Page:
When foreclosure is imminent or proceedings have already been started by your lender, you may think that there are no options. However, for many homeowners, a short sale is a very viable option. Understanding the differences between short sales and foreclosures can help to make the time-consuming process worth the effort.
- How Credit Reports are Affected by Short Sales and Foreclosures. Generally, a short sale is not reported negatively to the credit bureaus, but is reported as “paid in full” on your credit history. If it is reported as negotiated, it may remain on your history for up to 18 months. A foreclosure is a negative hit on your credit history that will remain there for at least ten years, and it is also a matter as public record.
- Immediate Affects on Credit Scores. A foreclosure will generally reduce one’s credit score by a minimum of 250 points, with 300 points being quite common. This can affect your credit scores for more than 36 months. A short sale will be reported as negotiated or paid in full, and will usually only drop your score 50 points or so. A short sale should only affect your credit score for about 12 to 18 months.
- How Future Mortgage Loans May Be Affected. If you have been foreclosed on, you will have to include that when you fill out a standard mortgage loan application if it has been fewer than seven years since the foreclosure. Standard applications do not require you to declare whether you have had a short sale. If you are working with a mortgage backed by Fannie Mae, you must wait at least five years if you have been through a foreclosure and two years if you had a short sale.
- Differences Between Future Mortgage Loan Interest Rates. When you have had your home foreclosed on by a lender, you may be able to get a loan as soon as two years after the incident, but it will be at a much higher interest rate than the current standard rate. It could take up to seven years before you can get a mortgage at an acceptable rate. When a homeowner has had a short sale, reasonable rates may be available from mortgage lenders within two years or less. The guidelines set forth by Fannie Mae allow a homeowner who has had a short sale to apply for new mortgage loans without a waiting period if there are no late payments of 60 days or more and the payments were kept current.
- The Mortgage Lender Decides Whether they will Accept a Short Sale over a Foreclosure. The decision to accept a short sale or to proceed with a foreclosure is ultimately up to the mortgage lender. Even though in most cases a short sale is more beneficial to the homeowner because of the credit consequences, a lender is not required to agree to that option. If a homeowner wants to do a short sale, he or she must convince the lender that the amount received from the short sale will be a fair market value and that it will cost the lender more to follow through with the foreclosure. A borrower must also have evidence that they cannot pay the mortgage in any other way because of financial hardship. If a lender believes that they will be better off financially by completing the foreclosure process, they are not likely to accept a short sale.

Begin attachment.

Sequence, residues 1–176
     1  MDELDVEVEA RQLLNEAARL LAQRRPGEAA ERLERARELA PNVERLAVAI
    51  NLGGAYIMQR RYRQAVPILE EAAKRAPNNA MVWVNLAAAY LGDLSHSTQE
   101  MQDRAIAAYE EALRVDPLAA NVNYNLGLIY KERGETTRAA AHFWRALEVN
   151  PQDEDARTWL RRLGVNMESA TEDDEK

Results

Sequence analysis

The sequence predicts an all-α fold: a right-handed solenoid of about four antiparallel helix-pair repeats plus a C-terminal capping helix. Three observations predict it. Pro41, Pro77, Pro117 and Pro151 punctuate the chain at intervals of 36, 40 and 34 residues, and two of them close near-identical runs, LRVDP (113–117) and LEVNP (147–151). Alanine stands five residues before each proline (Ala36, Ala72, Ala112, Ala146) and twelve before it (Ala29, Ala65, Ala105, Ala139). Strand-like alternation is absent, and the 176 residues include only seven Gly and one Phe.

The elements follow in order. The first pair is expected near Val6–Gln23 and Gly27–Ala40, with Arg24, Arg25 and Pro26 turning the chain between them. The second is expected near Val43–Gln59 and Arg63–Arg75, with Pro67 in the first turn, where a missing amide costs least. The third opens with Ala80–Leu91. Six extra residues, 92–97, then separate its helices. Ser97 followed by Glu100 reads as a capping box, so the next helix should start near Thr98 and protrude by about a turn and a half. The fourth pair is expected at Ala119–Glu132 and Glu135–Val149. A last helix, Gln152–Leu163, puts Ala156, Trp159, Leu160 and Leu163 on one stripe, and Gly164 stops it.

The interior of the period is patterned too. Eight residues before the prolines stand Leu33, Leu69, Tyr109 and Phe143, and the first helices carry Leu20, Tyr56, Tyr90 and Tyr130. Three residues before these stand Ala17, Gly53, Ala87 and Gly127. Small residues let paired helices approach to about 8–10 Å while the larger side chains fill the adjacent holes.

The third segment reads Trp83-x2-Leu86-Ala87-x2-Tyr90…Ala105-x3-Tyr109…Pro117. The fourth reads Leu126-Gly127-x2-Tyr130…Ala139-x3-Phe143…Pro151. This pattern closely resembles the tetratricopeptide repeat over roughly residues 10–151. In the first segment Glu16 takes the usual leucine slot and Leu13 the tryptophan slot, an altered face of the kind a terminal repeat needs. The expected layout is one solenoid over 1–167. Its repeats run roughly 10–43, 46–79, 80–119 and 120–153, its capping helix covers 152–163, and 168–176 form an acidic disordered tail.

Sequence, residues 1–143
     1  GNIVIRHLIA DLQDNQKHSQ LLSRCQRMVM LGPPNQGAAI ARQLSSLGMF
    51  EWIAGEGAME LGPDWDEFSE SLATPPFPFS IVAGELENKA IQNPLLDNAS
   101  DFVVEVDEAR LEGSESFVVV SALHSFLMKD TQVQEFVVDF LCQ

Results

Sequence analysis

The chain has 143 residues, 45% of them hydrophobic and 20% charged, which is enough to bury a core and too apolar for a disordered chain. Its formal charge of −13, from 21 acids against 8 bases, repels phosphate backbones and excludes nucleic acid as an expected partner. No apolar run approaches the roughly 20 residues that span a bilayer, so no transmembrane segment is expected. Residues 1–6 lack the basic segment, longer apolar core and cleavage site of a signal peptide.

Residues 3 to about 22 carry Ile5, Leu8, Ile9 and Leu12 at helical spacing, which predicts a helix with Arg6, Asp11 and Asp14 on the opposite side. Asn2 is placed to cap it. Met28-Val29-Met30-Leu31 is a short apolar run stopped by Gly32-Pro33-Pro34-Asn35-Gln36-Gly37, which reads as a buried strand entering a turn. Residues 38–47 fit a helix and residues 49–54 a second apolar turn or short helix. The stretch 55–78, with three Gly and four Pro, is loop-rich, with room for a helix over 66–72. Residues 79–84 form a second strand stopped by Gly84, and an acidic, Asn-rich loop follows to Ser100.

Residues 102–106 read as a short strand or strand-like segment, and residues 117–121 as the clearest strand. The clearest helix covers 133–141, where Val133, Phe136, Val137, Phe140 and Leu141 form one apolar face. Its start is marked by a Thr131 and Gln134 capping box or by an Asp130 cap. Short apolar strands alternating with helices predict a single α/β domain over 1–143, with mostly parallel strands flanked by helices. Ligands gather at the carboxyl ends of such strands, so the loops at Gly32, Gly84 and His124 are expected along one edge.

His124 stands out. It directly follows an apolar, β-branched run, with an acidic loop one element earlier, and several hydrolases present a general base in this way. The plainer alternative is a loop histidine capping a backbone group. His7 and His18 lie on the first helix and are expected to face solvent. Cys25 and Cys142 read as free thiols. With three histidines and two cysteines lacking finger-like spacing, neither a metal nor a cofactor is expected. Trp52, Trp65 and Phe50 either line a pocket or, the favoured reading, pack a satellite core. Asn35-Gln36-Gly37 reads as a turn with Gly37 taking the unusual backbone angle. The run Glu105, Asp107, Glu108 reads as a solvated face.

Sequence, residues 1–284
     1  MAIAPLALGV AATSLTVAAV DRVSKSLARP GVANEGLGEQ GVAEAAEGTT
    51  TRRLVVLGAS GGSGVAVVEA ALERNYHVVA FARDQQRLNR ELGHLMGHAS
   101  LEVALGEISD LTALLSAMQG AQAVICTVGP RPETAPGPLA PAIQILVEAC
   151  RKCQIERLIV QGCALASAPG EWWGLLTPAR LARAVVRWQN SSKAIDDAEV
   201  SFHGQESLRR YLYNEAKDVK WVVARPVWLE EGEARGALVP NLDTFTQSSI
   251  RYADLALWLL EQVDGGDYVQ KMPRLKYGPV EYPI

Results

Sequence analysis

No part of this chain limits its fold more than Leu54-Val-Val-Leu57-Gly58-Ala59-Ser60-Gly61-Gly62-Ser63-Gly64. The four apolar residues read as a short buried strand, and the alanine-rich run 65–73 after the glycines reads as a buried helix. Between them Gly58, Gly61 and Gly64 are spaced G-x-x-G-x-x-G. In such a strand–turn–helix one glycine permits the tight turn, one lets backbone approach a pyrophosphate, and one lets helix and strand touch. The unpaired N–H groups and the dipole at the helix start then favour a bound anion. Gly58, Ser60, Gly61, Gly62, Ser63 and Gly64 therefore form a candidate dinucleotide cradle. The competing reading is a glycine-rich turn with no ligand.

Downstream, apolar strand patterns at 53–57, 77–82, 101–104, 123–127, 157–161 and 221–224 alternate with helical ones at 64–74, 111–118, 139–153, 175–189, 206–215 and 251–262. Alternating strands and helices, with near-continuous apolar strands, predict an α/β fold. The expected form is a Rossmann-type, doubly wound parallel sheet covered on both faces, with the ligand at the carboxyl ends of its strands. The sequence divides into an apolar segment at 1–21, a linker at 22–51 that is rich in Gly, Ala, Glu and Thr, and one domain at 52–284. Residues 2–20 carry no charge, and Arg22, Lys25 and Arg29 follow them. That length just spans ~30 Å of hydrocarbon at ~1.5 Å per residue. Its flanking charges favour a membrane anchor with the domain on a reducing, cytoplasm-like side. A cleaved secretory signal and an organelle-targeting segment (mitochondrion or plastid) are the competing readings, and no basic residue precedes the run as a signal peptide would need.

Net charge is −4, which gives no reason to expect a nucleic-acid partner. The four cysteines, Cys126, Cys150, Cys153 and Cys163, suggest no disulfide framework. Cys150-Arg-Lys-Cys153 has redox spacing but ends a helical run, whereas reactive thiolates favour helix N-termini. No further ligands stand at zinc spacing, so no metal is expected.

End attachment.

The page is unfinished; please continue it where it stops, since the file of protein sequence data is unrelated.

- The Lender’s Rights Regarding Deficiency Judgments. When a foreclosure has happened, the lender can have a deficiency judgment filed and come after you to collect the difference between what you owed them and the amount the home was eventually sold for. Because foreclosed homes must either be sold at auction or go through a Real Estate Owned (REO) sale, the amount received by the lender may not be very high, which means the deficiency judgment could be fairly high. With a short sale, many lenders will waive their rights to pursue a deficiency. If they do not waive the right, the amount they go after you for will usually be much less than with a foreclosure because the sales price will have been higher.
- Impact on Employment. Because a short sale has little negative impact on your credit report, it should not affect your employment. However, because many employers take credit reports into consideration when hiring, a foreclosure could possibly cost you future employment.